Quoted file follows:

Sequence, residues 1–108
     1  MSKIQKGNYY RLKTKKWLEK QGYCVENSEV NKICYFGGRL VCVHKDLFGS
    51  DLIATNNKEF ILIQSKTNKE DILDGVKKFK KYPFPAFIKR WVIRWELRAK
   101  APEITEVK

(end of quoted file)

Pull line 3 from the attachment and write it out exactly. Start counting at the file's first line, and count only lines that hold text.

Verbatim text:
    51  DLIATNNKEF ILIQSKTNKE DILDGVKKFK KYPFPAFIKR WVIRWELRAK